Is it right to clone an extinct species?

by Adriano D 1993 on Juin 7, 2013 - 11:35am

Is it right to clone an extinct species?


Link to article: http://www.ctvnews.ca/sci-tech/mammoth-fragments-from-siberia-raise-cloning-hopes-1.952460


Extinction is very fascinating. It shows us humans what used to roam the earth but for one reason or another could not survive certain changes. Those changes can range from climate conditions, environment conditions, hunted at an alarming rate etc. Cloning can gives us a chance to see things we have never seen before. Cloning can do great things but it is constantly frowned upon. Numerous people believe cloning goes against nature and religion and that there is no place for such things in our world. But, there is not one person alive on this planet that has ever come in contact with a wholly mammoth. These mammals died out probably due to the end of their Ice Age.  I for one would absolutely love to have the chance to see a wholly mammoth or any extinct creature. Scientists could learn a lot from this gigantic beast. It’s not every day that we get preserved blood from an extinct species and we should take that opportunity to attempt to clone one. If they could try this procedure on a frog then I don’t see why doing it on a mammoth is any different.  There is a reason scientists have found this liquid blood. That reason must be explored.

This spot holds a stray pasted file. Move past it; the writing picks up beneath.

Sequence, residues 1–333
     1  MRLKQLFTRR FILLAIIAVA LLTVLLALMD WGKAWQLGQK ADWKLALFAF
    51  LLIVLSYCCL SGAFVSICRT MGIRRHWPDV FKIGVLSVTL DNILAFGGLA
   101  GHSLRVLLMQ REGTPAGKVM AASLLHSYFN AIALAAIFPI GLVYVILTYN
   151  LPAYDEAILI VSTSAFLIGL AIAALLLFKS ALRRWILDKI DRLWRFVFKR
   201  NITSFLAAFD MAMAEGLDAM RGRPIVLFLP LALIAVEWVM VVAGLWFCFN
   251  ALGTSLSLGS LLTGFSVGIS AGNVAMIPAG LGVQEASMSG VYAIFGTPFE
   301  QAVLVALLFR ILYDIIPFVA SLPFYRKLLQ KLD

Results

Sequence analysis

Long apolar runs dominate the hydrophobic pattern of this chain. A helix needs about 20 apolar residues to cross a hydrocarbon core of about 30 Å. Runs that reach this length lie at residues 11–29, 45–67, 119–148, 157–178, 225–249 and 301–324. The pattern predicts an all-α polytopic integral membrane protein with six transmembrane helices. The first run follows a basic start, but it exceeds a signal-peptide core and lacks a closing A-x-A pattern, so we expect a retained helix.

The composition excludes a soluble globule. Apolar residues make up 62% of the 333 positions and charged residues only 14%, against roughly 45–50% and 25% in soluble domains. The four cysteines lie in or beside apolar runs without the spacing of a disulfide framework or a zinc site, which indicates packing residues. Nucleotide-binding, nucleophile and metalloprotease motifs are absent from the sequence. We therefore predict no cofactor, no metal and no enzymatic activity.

I do feel though, that if we were to successfully revive an extinct species and get that species to reproduce it might damage the balance of current nature (religious and scientific beliefs). There are also chances that it does well for their environment, who truly knows.  We don’t know how these clones will act in this age and that can be very dangerous to society and any environment the mammoth is a part of.


By cloning this mammal we could give way to cloning of other species and eventually humans. The concern is more about the future consequences of cloning not the present ones.  They fear the slippery slope effect.


Would cloning an extinct species put our world in danger?